Charities are well informed & well connected

Charity backing gives a company good PR


Cultural differences may lead to tensions

Conflicts of interest can be tricky to manage

Shareholders need to understand the implications

Venture Philanthropy versus Private Financing?
value of philanthropic funding
Value of Philanthropic funding?

“Increase number of scientists who can translate drug discoveries into effective new medicines”

“One proven route to [drug discovery] is innovation forged through synergistic industrial-academic collaborations”

“Enhance drug R & D efforts in non-profit institutes”

funding in europe inc r of ireland
Funding in Europe (inc. R. of Ireland)
  • Strategic mode
  • Institutions/registered company
  • SDDI – follow usual route
  • Translation award – invite only

Strategic Translational funding Ireland

  • Core to the Trust’s own initiatives and objectives
  • Exceptional science
  • Trusts investment is of the order necessary to achieve programme goals thus no financial ceiling (within reason!)
  • Co-funding is welcome
  • Invite only (except SDDI)
  • Funding meetings approximately every 12 weeks
  • No small-molecule therapeutic programmes
  • Work in partnership with the Trust to achieve the commercial translation of targeted technologies
key criteria
Key Criteria
  • Ultimate healthcare benefit and impact
  • Scientific rationale and evidence
  • Competitive advantage / differentiation
  • Downstream feasibility, risks identified
  • Background assets and new assets for exit
  • Competencies and skills for implementation
typical process
Typical Process

Preliminary Application:Invitation

Full application


/ Technical

Risk analysis

IP / Legal

Expert Opinions



Due Diligence

Patent position




Tech Transfer Challenge Committee


Tech Transfer Strategy Panel


application should have



….feasibility, team, market

....feasibility, validation



….timings, content,


….awareness, preparation

Full Application



….current assets,

potential new IP

….informing clinical practice



….model, revenue generation,

further funding requirements

….competitive advantage,


Application should have..

The Seven Deadly Sins

  • Poor project plan
  • Lack of key expertise/experience
  • Unclear competitive advantage
  • Unrealistic commercial exit
  • Under-resourced project
  • Major product development hurdles
  • Weak scientific rationale

“A few misconceptions”

“……you won’t fund companies”

Wrong - >£35M committed since 2003 with approximately 50:50 academia: company settings

“……of course the Trust will want to have some ownership of IP arising from the project”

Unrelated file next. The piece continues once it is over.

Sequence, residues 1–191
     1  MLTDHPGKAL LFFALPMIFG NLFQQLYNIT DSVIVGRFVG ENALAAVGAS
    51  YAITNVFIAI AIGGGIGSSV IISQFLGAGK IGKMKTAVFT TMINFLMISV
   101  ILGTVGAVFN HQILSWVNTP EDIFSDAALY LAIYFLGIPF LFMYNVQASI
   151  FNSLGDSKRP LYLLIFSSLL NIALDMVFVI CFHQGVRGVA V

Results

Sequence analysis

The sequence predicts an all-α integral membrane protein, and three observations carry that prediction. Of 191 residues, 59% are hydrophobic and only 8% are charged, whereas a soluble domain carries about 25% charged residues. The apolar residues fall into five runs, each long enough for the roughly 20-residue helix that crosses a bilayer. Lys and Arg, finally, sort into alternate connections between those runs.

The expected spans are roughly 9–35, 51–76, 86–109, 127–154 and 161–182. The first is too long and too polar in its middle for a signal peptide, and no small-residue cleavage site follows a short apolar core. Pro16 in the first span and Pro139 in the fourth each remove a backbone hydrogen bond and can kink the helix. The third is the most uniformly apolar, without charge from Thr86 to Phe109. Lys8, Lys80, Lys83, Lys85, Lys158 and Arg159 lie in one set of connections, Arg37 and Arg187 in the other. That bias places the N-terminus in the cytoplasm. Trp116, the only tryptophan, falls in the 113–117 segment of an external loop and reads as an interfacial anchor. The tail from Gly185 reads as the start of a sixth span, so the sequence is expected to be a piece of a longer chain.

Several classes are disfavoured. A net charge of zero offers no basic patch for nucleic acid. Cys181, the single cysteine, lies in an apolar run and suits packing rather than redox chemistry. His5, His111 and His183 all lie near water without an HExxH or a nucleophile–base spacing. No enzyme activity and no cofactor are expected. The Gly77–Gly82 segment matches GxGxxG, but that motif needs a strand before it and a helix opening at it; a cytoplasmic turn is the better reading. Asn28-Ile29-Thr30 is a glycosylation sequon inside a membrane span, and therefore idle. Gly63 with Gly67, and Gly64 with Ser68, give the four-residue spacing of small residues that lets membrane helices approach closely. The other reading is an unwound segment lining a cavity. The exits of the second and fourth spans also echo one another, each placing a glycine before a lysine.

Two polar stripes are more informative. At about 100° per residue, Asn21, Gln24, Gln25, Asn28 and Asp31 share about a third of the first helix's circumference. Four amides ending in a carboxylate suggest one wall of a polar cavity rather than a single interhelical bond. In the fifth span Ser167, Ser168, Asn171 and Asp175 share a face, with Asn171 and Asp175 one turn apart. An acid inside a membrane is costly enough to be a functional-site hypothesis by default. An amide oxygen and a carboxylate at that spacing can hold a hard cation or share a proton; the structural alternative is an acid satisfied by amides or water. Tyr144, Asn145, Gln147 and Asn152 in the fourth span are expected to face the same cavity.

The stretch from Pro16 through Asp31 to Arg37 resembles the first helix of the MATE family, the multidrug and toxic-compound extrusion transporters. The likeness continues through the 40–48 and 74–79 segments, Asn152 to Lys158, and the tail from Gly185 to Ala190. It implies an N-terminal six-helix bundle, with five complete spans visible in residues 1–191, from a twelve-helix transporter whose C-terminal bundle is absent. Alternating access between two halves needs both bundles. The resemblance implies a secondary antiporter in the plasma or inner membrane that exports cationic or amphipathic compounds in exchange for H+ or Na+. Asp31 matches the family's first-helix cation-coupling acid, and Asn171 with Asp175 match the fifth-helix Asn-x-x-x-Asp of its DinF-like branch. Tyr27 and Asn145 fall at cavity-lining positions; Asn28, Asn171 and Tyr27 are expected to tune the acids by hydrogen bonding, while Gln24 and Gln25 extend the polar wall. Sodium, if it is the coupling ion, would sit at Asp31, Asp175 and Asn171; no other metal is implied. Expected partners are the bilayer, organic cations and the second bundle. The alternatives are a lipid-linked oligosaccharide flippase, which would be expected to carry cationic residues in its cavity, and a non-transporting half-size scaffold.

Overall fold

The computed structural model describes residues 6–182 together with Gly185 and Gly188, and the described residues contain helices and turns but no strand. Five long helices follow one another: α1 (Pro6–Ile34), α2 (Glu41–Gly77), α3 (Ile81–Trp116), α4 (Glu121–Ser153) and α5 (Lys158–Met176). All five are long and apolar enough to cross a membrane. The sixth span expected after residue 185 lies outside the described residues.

No. The IP is owned by the university or company.

“….you only fund projects arising from Trust funded research”

No. We look to fund the best projects from any background

“....only interested in Biology”

Wrong. Technology Transfer has a history of funding projects ranging from computation

through to devices

irish projects funded to date
Irish projects funded to date

Louise Kenny

Phil Baker

Jim McLaughlin

John Anderson

Development of a metabolite biomarker-based screening test to predict pre-enclampsia

The VitalSens wireless vital signs monitor

Neil Frankish

Preclinical and clinical development of novel indanes as therapeutic agents for the treatment of inflammatory bowel disease

Liam Marnane

Development and validation of clinically robust neonatal seizure detection systems (based on neonatal EEG)

devices vital signs monitor
DevicesVital Signs Monitor


VitalSens Vital Signs Monitor for hospital use


Jim McLaughlin, John Anderson, Michael Caulfield, ST&D


Non-invasive patient worn monitor

Five Vital Signs : ECG, respiration rate, skin temperature, gait, SpO2

Data transmission via hospital wireless networks

devices neonatal seizure detection
DevicesNeonatal Seizure Detection


Development and validation of clinically robust, neonatal

seizure detection systems


Liam Marnane, Geraldine Boylan, Gordon Lightbody

Janet Rennie


Signal processing system using ECG, EEG

Adapt for use in neonates

Clinically test – avoid complex clinical data analysis

devices stepwise innovation
DevicesStepwise Innovation
  • World’s first fully portable video laryngoscope
  • Pioneering Design
  • Substantial Market
  • Existing equipment 1940’s based
diagnostics re profiling platform technologies
Diagnostics Re-profiling platform technologies


The rapid and selective detection of Mycobacterium tuberculosis by field deployable thermochemolysis gas chromatograph mass spectrometry

Strategic Features

Space research meets tropical medicine

WT had funded Beagle mission



Pheromone baited traps for Sand-fly vectors

  • Objective
  • Field feasibility trial of synthetic sex pheromone analogue
  • of Sand-flies
  • Team
  • Gordon Hamilton
  • Features
  • High efficiency trap